20 Biggest Breakouts of 2015 - Rolling Stone
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20 Biggest Breakouts of 2015

Halsey, Kygo and more of the year’s new stars

The Weeknd

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In 2015, Alessia Cara and Shawn Mendes went from social media celebs to traditional stars, Fetty Wap scored three Billboard Top 10 singles and Chris Stapleton had a surprise smash based on one night of TV. Here's the year in moving up. 

Justin Tranter

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Justin Tranter

The Semi-Precious Weapons singer and Lady Gaga pal has gone from sleazy NYC glam rock to sleek, bubbly teen-pop hitmaker, notching songwriting credits on Selena Gomez's "Good for You," Justin Bieber's "Sorry," Hailee Steinfeld's "Love Myself" and Gwen Stefani's "Used to Love You," to name a few of his many contributions to 2015's pop charts. Up next: He's working with frequent writing partner Julia Michaels on Britney Spears' next LP.

Twenty One Pilots

PARIS, FRANCE - NOVEMBER 11: Tyler Joseph and Josh Dun from Twenty One Pilots perform at Le Trabendo on November 11, 2015 in Paris, France. (Photo by David Wolff - Patrick/Redferns)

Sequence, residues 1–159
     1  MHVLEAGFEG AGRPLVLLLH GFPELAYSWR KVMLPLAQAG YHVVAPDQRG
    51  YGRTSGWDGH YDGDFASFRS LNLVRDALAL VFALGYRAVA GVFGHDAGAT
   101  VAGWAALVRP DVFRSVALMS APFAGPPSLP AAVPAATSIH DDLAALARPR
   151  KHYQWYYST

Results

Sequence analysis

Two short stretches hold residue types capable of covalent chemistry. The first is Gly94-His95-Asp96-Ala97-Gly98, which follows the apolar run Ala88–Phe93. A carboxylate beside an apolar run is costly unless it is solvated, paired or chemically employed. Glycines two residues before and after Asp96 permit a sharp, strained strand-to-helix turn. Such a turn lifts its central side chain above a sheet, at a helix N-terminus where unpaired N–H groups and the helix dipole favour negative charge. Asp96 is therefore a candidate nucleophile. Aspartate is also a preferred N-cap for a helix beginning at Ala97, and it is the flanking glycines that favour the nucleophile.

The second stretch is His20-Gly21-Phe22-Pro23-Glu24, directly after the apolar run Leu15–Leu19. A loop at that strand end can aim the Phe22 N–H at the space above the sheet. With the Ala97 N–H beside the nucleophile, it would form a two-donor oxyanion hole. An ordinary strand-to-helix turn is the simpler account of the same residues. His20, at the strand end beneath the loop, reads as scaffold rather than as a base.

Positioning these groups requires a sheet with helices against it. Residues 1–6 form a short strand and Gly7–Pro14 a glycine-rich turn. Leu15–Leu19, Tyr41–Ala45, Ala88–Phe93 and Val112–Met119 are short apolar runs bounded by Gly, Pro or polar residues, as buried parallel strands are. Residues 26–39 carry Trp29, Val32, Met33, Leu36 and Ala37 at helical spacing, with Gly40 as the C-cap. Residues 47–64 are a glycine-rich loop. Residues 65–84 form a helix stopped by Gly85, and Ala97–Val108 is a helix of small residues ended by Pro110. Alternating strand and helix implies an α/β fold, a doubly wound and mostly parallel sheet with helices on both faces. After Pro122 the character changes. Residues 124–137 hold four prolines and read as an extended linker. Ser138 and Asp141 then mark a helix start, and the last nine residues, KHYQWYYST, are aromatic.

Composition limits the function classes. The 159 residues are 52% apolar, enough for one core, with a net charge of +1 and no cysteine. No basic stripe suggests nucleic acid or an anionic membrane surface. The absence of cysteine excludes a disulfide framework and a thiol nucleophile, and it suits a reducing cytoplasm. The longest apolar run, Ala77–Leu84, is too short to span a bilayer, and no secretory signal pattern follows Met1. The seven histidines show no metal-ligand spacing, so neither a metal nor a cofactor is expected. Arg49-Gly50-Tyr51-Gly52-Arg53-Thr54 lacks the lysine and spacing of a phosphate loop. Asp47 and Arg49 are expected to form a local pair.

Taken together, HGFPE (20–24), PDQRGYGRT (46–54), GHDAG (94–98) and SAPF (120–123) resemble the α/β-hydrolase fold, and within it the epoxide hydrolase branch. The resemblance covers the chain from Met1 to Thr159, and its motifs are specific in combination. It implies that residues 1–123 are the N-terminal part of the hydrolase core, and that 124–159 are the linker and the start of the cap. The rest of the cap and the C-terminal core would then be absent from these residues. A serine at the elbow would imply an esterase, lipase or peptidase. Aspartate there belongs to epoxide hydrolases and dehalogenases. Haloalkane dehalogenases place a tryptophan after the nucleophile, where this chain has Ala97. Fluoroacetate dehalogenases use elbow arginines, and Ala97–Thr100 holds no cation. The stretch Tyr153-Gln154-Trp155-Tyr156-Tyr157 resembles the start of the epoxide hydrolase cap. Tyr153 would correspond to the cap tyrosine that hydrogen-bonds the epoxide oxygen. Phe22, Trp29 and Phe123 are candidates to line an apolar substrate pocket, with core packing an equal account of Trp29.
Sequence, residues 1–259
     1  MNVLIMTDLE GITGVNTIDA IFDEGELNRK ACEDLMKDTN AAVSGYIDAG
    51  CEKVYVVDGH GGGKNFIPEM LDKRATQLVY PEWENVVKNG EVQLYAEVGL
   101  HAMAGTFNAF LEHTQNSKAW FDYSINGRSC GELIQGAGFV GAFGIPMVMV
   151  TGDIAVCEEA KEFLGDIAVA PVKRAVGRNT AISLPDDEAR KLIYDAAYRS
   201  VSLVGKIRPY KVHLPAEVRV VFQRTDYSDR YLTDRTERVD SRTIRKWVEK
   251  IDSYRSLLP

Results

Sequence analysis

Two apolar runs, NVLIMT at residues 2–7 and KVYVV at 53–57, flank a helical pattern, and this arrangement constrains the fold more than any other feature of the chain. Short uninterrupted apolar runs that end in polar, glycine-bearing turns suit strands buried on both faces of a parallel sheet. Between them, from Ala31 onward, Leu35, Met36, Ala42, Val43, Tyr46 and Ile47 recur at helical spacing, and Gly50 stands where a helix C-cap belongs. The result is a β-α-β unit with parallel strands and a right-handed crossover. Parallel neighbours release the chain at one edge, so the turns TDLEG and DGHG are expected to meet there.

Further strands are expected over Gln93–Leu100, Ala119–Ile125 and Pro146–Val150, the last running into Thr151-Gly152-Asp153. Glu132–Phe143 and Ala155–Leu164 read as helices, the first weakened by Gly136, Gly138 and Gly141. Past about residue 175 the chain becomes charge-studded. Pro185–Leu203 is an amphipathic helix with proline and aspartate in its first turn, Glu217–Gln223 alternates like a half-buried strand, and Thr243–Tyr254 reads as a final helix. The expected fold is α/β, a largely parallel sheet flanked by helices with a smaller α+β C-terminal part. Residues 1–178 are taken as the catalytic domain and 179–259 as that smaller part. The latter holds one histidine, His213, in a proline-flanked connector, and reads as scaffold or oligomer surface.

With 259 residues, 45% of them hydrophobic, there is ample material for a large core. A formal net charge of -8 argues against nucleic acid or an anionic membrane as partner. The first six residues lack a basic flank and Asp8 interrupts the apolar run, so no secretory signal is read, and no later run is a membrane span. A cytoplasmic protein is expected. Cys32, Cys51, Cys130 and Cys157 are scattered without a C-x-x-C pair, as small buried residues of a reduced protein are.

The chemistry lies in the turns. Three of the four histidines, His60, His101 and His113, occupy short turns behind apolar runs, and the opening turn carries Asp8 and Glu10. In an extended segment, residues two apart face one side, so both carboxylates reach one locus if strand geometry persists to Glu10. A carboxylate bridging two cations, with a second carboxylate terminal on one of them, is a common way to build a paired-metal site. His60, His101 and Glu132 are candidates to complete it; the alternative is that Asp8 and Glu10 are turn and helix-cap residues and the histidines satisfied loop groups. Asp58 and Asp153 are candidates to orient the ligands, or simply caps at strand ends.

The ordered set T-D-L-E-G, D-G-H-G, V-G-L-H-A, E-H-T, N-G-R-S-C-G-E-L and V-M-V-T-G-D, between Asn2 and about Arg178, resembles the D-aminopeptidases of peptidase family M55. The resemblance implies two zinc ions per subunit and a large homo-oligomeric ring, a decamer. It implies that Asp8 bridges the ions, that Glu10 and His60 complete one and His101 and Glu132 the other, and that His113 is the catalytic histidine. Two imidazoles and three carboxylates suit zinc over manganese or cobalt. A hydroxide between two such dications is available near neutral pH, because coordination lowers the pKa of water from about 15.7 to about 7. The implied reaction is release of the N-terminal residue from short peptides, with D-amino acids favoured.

Melina Mara/The Washington Post

Twenty One Pilots

After years of slowly building an enthusiastic teen fanbase on the onetime emo label Fueled by Ramen, this Columbus, Ohio band topped the Billboard album charts with their fourth album, Blurryface. The songs are blunt and catchy, with plenty of atmospheric synths, but the real selling point is Tyler Joseph's vocals — conversational, rap-inflected monologues that nod at anxiety without wallowing in it. "Stressed Out" is a startling anthem for anyone who wants to retreat from adulthood: "Out of student loans and tree-house homes, we all would take the latter." Kid's got a point.

Lyor Cohen and Kevin Liles

NEW YORK, NY - APRIL 25: Lyor Cohen (L) and Kevin Liles attend Out of Print Tribeca Film Festival Premiere And After Party on April 25, 2013 in New York City. (Photo by Ben Gabbe/Getty Images for 2013 Tribeca Film Festival)

Ben Gabbe/Getty

300 Entertainment

In the Eighties and Nineties, Lyor Cohen played a crucial role in transforming hip-hop from an underground phenomenon to a major commercial force — he's the guy who landed Run-D.M.C's Adidas endorsement. With his latest venture, 300 Entertainment, formed with two other former Warner Bros' execs, Todd Moscowitz and Kevin Liles, alongside Roger Gold, proved he's still one of the industry's most important businesspeople. 300 first established its reputation as the home of excitingly ragged-voiced yet commercial rap by signing brilliant up-and-comers Migos and Young Thug, then proved it could sell albums when it landed out-of-nowhere sensation Fetty Wap.

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